- Oil prices dipped on Friday in a nervous market ahead of a raft of import tariffs expected to be imposed later in the day by the world’s two biggest economies, the United States and China.
Oil prices dipped on Friday in a nervous market ahead of a raft of import tariffs expected to be imposed later in the day by the world’s two biggest economies, the United States and China.
Brent crude futures fell 25 cents, or 0.3 percent, to $77.14 per barrel by 0317 GMT from their last close.
U.S. West Texas Intermediate (WTI) futures were down 15 cents, or 0.2 percent, at $72.79.
Weighing on prices was a rise in U.S. crude inventories of 1.2 million barrels in the week to June 29, to 417.88 million barrels, the U.S. Energy Administration (EIA) said on Thursday.
Looming larger over markets is the U.S./China trade dispute. Washington has announced tariffs on Chinese goods from 12:01 a.m. Washington D.C. time (0401 GMT) on Friday.
China says it will retaliate, and U.S. President Trump said on Thursday he may ultimately impose tariffs on more than a half-trillion dollars worth of Chinese goods.
“We’re headed for an unparalleled trade conflict between the world’s largest economies,” said Stephen Innes, head of trading for Asia/Pacific at brokerage OANDA.
Beijing has threatened a 25 percent tariff on U.S. crude imports, although it has not specified an introduction date.
American crude shipments to China are around 400,000 barrels per day (bpd), worth $1 billion a month at current prices.
Tariffs would make U.S. oil uncompetitive in China.
An executive from China’s Dongming Petrochemical Group said he expected Beijing to soon impose the tariff on U.S. oil imports.
He added that his refinery had cancelled U.S. crude imports and would switch to Middle East or West African supplies instead.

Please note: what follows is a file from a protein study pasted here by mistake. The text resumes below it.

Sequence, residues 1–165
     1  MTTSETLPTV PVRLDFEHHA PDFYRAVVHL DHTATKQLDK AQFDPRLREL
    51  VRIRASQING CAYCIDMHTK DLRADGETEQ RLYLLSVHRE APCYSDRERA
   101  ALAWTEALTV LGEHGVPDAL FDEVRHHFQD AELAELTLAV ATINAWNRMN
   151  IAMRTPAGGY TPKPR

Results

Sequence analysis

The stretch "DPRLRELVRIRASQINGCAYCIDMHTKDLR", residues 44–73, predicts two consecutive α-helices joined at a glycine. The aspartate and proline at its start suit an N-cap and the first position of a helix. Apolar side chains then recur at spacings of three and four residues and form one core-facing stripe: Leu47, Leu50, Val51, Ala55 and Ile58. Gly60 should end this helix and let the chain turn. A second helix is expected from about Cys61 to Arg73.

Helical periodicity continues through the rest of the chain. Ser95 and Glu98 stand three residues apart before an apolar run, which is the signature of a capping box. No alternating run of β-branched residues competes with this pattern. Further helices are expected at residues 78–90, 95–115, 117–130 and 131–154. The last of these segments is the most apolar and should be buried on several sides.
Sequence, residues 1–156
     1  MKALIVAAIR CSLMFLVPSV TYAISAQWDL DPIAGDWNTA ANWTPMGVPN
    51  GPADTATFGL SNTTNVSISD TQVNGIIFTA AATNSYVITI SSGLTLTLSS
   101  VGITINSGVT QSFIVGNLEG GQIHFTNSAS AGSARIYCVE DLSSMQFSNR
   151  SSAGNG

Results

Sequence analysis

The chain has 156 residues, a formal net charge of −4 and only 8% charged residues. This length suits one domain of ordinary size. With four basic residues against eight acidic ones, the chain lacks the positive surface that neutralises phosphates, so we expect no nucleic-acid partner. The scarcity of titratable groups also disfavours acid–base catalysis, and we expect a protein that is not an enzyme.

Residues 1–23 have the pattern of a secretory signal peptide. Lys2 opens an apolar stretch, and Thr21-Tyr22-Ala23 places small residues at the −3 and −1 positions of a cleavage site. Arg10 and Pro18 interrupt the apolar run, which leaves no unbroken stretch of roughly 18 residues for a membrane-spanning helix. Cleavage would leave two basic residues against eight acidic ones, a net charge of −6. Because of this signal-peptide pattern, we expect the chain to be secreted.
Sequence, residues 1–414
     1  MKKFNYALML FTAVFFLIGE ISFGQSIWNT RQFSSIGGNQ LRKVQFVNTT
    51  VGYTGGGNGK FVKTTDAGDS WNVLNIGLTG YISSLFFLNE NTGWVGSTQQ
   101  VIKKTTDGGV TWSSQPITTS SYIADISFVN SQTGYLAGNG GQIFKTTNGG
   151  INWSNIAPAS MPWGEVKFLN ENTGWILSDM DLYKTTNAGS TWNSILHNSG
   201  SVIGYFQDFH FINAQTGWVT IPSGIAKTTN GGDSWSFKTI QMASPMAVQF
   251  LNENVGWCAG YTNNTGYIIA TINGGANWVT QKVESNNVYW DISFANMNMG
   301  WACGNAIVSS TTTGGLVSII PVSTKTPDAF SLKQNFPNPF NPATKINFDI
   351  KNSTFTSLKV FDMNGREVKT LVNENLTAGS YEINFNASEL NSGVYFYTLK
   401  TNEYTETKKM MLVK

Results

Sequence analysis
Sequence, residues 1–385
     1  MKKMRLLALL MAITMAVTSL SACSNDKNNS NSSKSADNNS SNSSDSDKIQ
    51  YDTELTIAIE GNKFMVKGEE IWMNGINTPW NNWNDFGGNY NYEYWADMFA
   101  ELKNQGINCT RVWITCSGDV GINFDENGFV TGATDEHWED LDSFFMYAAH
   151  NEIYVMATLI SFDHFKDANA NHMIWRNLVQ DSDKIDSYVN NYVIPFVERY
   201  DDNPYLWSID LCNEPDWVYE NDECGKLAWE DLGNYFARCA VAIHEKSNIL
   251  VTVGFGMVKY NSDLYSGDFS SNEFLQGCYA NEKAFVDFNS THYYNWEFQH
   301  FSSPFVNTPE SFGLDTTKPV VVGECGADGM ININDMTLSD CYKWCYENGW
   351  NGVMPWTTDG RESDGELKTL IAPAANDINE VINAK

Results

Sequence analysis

Tariffs, sanctions and disruptions
The potential trade war between the United States and China comes amid a tight oil market.
Energy consultancy FGE on Friday issued a stark warning of looming supply shortages due to U.S. sanctions against Iran, and because of disruptions elsewhere.
“Iran’s exports are some 2.7 million bpd, including condensate,” it noted.
Even if the U.S. government grants some waivers to allies, FGE estimated 1.7 to 2 million bpd of crude and condensate would be cut out of markets once its sanctions are implemented.
Some are already reacting. South Korea, a major buyer of Iranian oil and condensate, will not lift any Iranian oil in July for the first time since August 2012, three sources familiar with the matter said on Friday.
Cutting Iran out from oil trading comes amid other disruptions.
“Venezuela…will lose another 400,000 bpd by year-end with production going to below 1 million bpd,” FGE said, adding that another 300,000 bpd of Libyan capacity was disrupted.
Although Saudi Arabia and Russia have said they would raise output to make up for disruptions, FGE said “there simply is not enough capacity to make up for Iran’s crude losses, plus Venezuela and Libya”, and warned of the possibility of oil prices rising to $100 per barrel.